The stairs leading down to our basement had looked pretty terrible for a long time. The solution to make it look about a thousand times better, but on a budget? A DIY stair runner. Keep reading… you won’t believe where the runner carpet came from … !!
Here is the space we were starting with…
Looking down from that landing is the main part of the staircase where our basement apartment tenant walks up and down everyday. It had some suuuuuper cheap blue carpet thrown down as a runner.
And the second part of the staircase, which leads up to our main floor, had nothing. Just this god awful gray paint that showed every spec of dirt.
I knew I wanted a new runner on there – one that was darker in colour so it would help hide any dirt, but something attractive.
I went to IKEA to see what they had, and came across the “soften” rug. It’s a small, flatwoven rug that happened to have the perfect width for our stairs. We needed 5 of them to cover our whole staircase, and at $25 a pop, it was within our budget.
Before getting started I did a bit of googling around to see what others had done when they DIY’ed a stair runner. And you’ll never guess what I ended up stumbling on? Jenny, from Little Green Notebook, and who has amaaaazing style, had done this exact project using the IKEA Soften rugs! Clearly we were on the same brainwave. And the best part? I was able to follow along with her tutorial.
The first step was to rip up the existing runner, and then give the stairs a coat of paint. I used a high gloss white paint that would be super durable, and only had to paint the side of the treads and risers.
Then it was time to break out the rugs, some scissors, a ruler, and my staple gun (this Stanley staple gun is awesome and a must-have DIY tool!).
I lined up the rug at the top of the stairs and measured out the space on either side to ensure it was even. Once I knew that number, I went and made little marks on both sides of each step, as a guideline to follow when my rug got to that step. Then it was just a matter of stapling the rug down. I followed Jenny’s instructions of using 3/4″ brad nails (you can grab these ones – also by the Stanley brand).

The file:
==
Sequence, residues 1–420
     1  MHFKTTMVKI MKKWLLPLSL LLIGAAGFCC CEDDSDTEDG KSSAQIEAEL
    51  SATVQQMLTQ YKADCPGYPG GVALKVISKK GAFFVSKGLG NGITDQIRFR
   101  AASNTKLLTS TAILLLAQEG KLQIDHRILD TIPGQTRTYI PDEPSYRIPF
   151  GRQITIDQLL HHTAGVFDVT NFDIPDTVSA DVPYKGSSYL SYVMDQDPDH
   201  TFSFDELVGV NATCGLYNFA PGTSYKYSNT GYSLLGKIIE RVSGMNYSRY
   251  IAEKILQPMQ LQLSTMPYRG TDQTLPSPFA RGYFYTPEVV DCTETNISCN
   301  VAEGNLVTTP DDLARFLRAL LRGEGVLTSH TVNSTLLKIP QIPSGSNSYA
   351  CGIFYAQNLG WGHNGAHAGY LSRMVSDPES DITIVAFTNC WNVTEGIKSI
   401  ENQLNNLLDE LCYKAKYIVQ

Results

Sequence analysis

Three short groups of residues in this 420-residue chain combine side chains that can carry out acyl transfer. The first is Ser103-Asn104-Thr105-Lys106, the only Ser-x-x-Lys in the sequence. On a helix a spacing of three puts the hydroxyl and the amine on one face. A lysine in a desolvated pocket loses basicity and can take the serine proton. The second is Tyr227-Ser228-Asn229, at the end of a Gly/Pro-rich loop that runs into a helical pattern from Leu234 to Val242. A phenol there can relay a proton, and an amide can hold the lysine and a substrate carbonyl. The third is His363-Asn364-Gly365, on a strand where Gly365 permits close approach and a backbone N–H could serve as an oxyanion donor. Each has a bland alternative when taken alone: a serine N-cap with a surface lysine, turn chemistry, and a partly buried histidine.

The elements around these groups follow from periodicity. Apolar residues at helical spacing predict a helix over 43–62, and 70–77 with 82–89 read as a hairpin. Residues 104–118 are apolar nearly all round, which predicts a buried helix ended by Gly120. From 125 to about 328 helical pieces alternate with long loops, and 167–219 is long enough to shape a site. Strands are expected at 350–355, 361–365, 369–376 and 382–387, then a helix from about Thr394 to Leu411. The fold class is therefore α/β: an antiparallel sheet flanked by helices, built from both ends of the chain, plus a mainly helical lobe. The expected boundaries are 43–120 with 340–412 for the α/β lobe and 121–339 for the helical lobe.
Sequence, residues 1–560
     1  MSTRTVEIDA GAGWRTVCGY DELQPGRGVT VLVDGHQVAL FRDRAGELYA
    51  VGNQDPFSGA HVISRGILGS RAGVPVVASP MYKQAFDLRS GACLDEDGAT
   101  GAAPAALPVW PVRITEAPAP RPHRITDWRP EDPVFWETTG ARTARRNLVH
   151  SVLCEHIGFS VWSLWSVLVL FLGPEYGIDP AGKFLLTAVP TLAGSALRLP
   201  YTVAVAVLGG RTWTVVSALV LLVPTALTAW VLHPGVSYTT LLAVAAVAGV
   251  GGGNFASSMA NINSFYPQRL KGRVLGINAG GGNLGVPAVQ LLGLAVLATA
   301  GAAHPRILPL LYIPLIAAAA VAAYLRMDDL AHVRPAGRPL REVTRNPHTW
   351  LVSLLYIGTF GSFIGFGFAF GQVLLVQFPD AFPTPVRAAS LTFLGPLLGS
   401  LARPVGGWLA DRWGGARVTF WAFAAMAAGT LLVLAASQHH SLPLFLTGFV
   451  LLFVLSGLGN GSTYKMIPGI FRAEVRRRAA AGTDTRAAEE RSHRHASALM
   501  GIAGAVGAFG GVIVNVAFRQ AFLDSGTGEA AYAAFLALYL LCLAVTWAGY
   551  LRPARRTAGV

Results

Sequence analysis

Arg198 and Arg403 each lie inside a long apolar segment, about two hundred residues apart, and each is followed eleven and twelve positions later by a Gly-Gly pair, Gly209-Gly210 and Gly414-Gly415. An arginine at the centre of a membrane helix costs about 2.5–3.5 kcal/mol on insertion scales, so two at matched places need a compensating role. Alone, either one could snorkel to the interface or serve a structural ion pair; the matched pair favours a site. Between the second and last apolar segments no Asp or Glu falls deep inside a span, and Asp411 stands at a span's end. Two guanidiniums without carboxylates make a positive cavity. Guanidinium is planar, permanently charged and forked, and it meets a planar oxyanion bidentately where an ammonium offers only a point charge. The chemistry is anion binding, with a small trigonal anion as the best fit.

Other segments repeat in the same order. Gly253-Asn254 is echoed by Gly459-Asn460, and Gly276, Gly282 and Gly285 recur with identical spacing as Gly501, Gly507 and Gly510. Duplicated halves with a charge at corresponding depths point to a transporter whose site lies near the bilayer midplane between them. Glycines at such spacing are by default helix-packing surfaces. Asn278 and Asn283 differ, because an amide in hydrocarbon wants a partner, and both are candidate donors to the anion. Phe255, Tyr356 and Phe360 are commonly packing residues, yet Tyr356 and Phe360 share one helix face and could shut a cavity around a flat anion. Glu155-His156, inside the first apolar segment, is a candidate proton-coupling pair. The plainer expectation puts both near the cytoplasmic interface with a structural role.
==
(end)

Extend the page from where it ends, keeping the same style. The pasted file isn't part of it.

I started by stapling under the lip of the top stair, and then pulling the rug tightly down the riser, and staple it along the bottom. Then once again pull the rug over the tread of the stair, back down under the lip, and staple.
I would start with say 4 staples under the lip to get the rug in place, and then add another bunch of staples to ensure it was secured really well. I found that the staples were best placed near each white stripe (I would try to get it at the border between the white and the grey), and would staple vertically — in line with the stripe.
In the pic below you can see a few of the staples right under the lip of the top tread, and then there are some again at the bottom of the riser.
When I came to the end of a rug and it was time to staple down a new one, I would cut the previous rug right underneath the lip of the tread, and then staple the new one overtop, matching the stripes as well as I could. Again, check out Jenny’s tutorial as she gives good step-by-step pics.
Once everything was stapled down, it looked great but I wanted to add some upholstery nails down the sides for both style and extra security of runner to stair. I grabbed some gold ones from my local hardware store, but these Dritz Home ones are an exact match.
I played around with the placement and decided on 6 nails per tread. I would eyeball them and lay them face up on the tread (lazy DIY’ing, and didn’t measure each one exactly), and then hammer ’em in.
It didn’t take much time at all and definitely added a nice element to the project. I also think that it helps keep the runner a little more secure along the edges.
Full disclosure? I actually did this project last year… when I was still pregnant!
I had totally worried that since we didn’t put a rug slip pad down, or because it was a series of small rugs, that it wouldn’t hold up. So I waited to put this one through the test of time before posting.
And guess what? Other than a bit of fading over this last year, it looks as good as new and the whole runner has totally stayed in place. DIY win!
And in case you’re wondering, the total cost was around the $150 mark- definitely really reasonable for how many stairs we needed to do.
If you want a ton more DIY project ideas, head on over to The Project Gallery. There are lots of sweet ideas over there, like more IKEA hacks!!
Check out how I turned the Vittsjo table into this chic gold and marble beauty…
Or the kids Latt table and chairs into this darling set…
Do you guys have stairs in your home? Do they have runners or are they left bare? Spill!